to swallow. >> it is. and the work supports that enable people to be able to work at the lower wages and still be able to provide for their families in some ways so subsidized child support for example is very important. quality childcare is something that we need north to bring the next generation along. so we have many ways in which we could sort of bridge some of the gaps but they are all political in some ways. >> certainly are. economist dr. margaret simms and dr. william sprigs, when we return here, alcoholism running rampant on a reservation. how -- >> the father. i've had to report them to social services so i know. >> how a vote to end prohibition has divided a community grounded by family.
>> coming up on consider this, how can the u.s. build a coalition of the u.s. against syria if the americans can't unite behind intervention? how vulnerable are we to a more serious even devastating cyberattack. mrs. 50 years after the march on washington how far america has come on equality. america through the lens of a
photographer. we'll see you at the top of the hour. >> tonight we look to a place that so often falls out of view that even when outsiders aren't looking, life on many native american indian reservations are hard and isolated and challenged by a poverty that's hard to comprehend. and also in many places by companion scourge, which makes companionship almost impossible. alcoholism. that is what makes the result of a recent tribal referendum all the more surprising. the tribe voted to end a prohibition on alcohol sales. now it's skirting for what could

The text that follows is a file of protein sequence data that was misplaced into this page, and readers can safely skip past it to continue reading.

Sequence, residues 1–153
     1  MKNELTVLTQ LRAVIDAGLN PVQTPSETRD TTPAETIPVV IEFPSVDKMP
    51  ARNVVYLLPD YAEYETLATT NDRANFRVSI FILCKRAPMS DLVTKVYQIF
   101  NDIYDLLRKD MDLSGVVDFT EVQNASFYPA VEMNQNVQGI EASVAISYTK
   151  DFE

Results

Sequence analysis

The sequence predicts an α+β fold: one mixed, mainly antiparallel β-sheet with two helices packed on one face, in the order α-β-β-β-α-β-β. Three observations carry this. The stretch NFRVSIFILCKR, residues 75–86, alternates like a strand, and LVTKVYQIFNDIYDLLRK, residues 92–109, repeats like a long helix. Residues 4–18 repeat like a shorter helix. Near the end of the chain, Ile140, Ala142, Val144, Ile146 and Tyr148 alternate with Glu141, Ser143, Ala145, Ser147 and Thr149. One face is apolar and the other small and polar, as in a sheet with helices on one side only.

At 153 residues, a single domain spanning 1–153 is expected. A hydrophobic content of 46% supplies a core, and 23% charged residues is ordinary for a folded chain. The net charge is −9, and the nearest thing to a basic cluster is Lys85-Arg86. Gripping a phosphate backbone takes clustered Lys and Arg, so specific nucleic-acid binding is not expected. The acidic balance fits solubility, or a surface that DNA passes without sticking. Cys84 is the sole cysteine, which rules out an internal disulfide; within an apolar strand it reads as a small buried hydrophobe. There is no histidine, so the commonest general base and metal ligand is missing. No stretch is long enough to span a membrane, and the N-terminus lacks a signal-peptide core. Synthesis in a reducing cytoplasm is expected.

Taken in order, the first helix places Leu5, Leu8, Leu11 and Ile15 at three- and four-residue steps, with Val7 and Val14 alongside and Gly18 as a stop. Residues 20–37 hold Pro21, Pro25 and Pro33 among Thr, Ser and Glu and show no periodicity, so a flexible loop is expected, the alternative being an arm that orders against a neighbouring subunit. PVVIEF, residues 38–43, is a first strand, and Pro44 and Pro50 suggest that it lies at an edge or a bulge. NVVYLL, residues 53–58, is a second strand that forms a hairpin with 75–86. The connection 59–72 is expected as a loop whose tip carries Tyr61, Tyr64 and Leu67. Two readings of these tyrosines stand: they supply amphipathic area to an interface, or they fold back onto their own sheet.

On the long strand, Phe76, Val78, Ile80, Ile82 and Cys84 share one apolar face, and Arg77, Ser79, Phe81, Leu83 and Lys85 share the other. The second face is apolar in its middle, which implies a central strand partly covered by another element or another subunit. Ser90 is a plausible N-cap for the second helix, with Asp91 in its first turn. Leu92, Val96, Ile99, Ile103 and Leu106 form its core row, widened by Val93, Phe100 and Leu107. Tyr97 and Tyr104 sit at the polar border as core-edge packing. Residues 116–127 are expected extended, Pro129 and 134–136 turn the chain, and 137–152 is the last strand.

be an economic windfall or an invitation to even greater level of devastation. it is harnlg to imagine a place at the same time more breathtakingly beautiful and as heartbreakingly sad as the land of the oglala lakota, the pine ridge reservation home of the bad lands and for more than a pained and bitter century what outsiders call the oglalla sioux nation. a nation of chief sitting bull who led the victory over custer at little big horn and the massacre of the u.s. cavalry at wounded knee. for generations now, the children of this warrior nation have been cut down by a different foe: alcohol. 22-year-old clarence roland was born and raised on the res and